So you probably already know what the top story I’m going to be covering is because it’s been the top story all week — GameStop. It’s a long and important story, and I’ll try to keep my other sections short to balance things out. But before we dive into the facts — the millions made and billions lost — I just want to point out one key thing. When they band together, retail investors can become a force to be reckoned with. And that’s the power of the crowd.
The Business Buzz
Talk about the short end of the stick. So if you want to get really technical, the GameStop squeeze has been building for around two years. But I think enough happened just this week that we can mainly focus on now. If you do want a better understanding of how the GameStop mania built up, this Bloomberg piece does a nice job of laying out the history that led us to this moment.
So let’s break this crazy investment saga down into its key parts. First up — Reddit. Or more specifically, the Reddit forum called WallStreetBets. It’s pretty much exactly what it sounds like — an online forum where users discuss various stock trading opportunities. But one major theme — and rallying cry — is the image of individual investors fighting against hedge funds and highly public traders, such as Andrew Left. In general, forum members take a derisive view of wealthy investors who use short positions to make large amounts of money. And after multiple users put forth analyses that suggested the number of short positions held in GameStop was far beyond reasonable, an idea began to form. If enough WallStreetBets members invested in GameStop to drive the price up, they could cause a squeeze that would seriously injure the hedge funds and other investors betting against the video game retailer.
It took time for the idea to grow. But grow it did, until last week things finally came to a head. Which brings us to the next big part of this story — Andrew Left of Citron Research and Melvin Capital. Left is a well-known short seller in the investing world. And Melvin Capital is a hedge fund. What both have in common is that they had made significant wagers that GameStop shares would drop in value. Those short positions have come back to haunt them this week. Both Citron and Melvin have closed their short positions and suffered major losses doing so. Citron has a loss of 100% on its GameStop position according to Left. Melvin Capital is reported to have lost about 30% of its value — the firm started the year with $12.5 billion in assets, just to put that into perspective. All told, by Wednesday more than $20 billion had been lost by investors with short positions in GameStop.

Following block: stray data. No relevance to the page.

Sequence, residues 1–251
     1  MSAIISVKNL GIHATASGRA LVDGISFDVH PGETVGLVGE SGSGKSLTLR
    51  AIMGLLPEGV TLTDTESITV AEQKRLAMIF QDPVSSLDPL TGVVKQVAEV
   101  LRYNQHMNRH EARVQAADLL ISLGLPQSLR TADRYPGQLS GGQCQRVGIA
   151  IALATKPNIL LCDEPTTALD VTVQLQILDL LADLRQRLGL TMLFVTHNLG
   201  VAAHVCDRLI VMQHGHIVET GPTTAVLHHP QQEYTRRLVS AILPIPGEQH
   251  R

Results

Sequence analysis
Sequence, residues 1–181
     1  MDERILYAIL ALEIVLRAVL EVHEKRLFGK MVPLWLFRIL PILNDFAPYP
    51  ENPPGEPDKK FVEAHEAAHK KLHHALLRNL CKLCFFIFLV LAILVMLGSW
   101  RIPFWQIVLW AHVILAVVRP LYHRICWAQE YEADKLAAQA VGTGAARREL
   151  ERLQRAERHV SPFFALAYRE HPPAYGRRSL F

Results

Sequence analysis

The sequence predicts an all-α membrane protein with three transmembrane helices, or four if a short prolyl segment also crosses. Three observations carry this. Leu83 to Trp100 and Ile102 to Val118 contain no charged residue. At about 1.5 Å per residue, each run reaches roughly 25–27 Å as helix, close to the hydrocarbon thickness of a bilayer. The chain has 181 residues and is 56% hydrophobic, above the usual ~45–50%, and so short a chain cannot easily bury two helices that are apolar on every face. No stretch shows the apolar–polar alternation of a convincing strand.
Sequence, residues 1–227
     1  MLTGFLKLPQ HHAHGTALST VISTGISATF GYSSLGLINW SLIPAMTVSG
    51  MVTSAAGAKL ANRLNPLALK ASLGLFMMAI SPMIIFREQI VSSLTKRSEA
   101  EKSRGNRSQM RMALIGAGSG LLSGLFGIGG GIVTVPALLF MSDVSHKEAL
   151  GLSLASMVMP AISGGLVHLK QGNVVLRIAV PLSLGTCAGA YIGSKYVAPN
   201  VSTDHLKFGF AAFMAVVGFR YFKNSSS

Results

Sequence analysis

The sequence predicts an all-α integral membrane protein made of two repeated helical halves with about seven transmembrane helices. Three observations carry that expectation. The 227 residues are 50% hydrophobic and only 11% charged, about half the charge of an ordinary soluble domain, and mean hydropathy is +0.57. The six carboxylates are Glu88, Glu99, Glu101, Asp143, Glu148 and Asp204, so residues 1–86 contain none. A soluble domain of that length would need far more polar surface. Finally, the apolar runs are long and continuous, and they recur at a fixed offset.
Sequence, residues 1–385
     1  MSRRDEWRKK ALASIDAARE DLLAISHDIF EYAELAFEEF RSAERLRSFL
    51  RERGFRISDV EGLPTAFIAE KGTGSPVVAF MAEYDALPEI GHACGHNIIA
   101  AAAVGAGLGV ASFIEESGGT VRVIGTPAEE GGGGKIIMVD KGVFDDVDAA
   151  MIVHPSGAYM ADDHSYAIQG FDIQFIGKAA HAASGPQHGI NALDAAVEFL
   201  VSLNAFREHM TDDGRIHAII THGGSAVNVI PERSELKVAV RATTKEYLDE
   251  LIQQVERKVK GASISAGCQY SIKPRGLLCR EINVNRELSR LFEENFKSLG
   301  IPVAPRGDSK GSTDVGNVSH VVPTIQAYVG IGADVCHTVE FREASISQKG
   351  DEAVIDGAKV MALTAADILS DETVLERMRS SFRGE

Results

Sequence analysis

And that’s because GameStop’s shares rose from around $18 at the start of the year to more than $300 now. It’s become one of the most traded stocks ever. Which is why when trading app Robinhood started limiting investors ability to trade in it, users got pretty angry. On Thursday, Robinhood restricted transactions for trades in not just GameStop, but also in other WallStreetBets darlings like AMC and Koss Corp. It also raised the margin requirements and threatened to close out some users’ positions if it looked like the investor didn’t have the money to back up their position. Robinhood CEO Vlad Tenev denied that the brokerage firm’s moves were driven by hedge funds or liquidity concerns. Instead, he cited SEC capital requirements and claimed regret for limiting the actions of individual investors. But Robinhood wasn’t the only firm to take limiting actions. TD Ameritrade and Interactive Brokers also restricted the ability of users to trade in GameStop.